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NASAs Pursuit of Space Stations
NASA's Pursuit of Space Stations
The Space Shuttle with Salyut, Skylab, Freedom and Mir
  D.J. Shayler
Discusses the development of shuttle operation in relation to early space stations

Offers an explanation of how plans were created to fly space shuttles with the Soviet Salyut, American Skylab and Freedom and to the Russian Mir space stations.

Explains the concept of utilizing the space shuttle design to assemble the re-supply large space stations.

Includes firsthand interviews with those involved with the program

Discusses revealing documents from the archives of NASA on how the agency planned for docking a shuttle to a Soviet space station
Product details
Softcover
290 pages
70 illustrations
Due for publication Autumn 2017
This book reviews the long, and at times difficult, path in matching the unique capabilities of the Space Shuttle with the creation of a large research station in Earth orbit. As the 1970s progressed it became clear that the Shuttle would not fly as early as hoped because of tight budgets and adjustments to the design of the space station. It was during this period that cooperation with the Soviet Union forged a new relationship in space from which emerged the Apollo Soyuz Test Project. Flown in the summer of 1975 the successful international docking mission encouraged further joint manned space programs between the two countries.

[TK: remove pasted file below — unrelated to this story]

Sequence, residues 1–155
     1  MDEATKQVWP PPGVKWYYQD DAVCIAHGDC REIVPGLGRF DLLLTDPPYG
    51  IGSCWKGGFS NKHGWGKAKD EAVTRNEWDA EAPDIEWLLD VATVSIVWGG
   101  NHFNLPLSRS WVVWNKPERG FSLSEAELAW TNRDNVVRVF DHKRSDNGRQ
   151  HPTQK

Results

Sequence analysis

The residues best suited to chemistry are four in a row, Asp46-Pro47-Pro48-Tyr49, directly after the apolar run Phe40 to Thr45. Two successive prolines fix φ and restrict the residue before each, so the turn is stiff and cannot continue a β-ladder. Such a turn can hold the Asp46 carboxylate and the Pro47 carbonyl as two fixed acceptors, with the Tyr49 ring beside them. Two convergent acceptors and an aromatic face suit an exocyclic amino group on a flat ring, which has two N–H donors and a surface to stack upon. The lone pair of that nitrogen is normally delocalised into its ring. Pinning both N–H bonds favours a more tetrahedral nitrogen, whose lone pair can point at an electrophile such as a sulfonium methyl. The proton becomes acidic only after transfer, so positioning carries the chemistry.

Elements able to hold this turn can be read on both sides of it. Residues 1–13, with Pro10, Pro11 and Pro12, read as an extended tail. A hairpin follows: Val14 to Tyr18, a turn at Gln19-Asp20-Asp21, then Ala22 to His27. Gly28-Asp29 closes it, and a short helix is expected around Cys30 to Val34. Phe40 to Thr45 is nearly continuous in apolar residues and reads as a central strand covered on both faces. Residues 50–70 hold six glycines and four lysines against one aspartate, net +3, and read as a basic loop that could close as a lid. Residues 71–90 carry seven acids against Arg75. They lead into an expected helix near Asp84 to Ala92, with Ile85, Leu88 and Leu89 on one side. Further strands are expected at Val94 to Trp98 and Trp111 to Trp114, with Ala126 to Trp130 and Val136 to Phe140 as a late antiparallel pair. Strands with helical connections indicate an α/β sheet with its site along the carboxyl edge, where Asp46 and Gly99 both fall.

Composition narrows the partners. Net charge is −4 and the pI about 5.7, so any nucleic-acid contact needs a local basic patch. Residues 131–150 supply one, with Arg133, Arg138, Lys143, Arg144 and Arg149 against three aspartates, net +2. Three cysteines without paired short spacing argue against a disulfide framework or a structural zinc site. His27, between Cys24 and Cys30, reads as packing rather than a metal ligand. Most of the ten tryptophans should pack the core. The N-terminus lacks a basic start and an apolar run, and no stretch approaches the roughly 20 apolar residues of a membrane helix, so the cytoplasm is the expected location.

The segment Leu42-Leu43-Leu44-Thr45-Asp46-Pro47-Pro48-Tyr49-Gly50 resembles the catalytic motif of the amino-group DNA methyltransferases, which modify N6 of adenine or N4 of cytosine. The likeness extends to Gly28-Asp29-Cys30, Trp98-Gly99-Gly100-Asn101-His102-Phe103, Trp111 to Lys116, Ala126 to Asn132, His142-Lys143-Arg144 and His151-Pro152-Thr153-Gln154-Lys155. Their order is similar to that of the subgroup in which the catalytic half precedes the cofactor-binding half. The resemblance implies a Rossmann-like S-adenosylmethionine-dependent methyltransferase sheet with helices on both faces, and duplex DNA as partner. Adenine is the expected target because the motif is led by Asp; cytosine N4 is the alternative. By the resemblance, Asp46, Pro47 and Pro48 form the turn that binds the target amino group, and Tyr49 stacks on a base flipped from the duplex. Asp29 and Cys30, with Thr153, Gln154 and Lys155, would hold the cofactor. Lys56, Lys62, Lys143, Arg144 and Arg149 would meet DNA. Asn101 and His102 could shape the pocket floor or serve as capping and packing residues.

While studies and debates continued into the design of the large space stations, and Shuttle development slowly progressed, and thoughts turned to further cooperation with the Soviets in the 1980s. During the same time period plans for a possible return to renovate the Skylab space station had to be abandoned when increased solar activities forced the unmanned Skylab to re-enter the atmosphere prematurely. By 1984 the internationally supported Space Station Freedom, to be assembled from elements launched by the Space Shuttle, had been authorized.

The background to this rich history is explored in this book, together with the crucial developments in the skills and procedures that were essential to the subsequent creation of the much larger International Space Station. The book closes with a summary of the nine missions to dock the Shuttle to the Russian Space Station Mir between 1995 and 1998, what was learned from those missions and the lessons which directly applied to the far more complex International Space Station.
The above description was taken from the Springer .com website
Please note - this cover design and title is a working copy and is subject  to change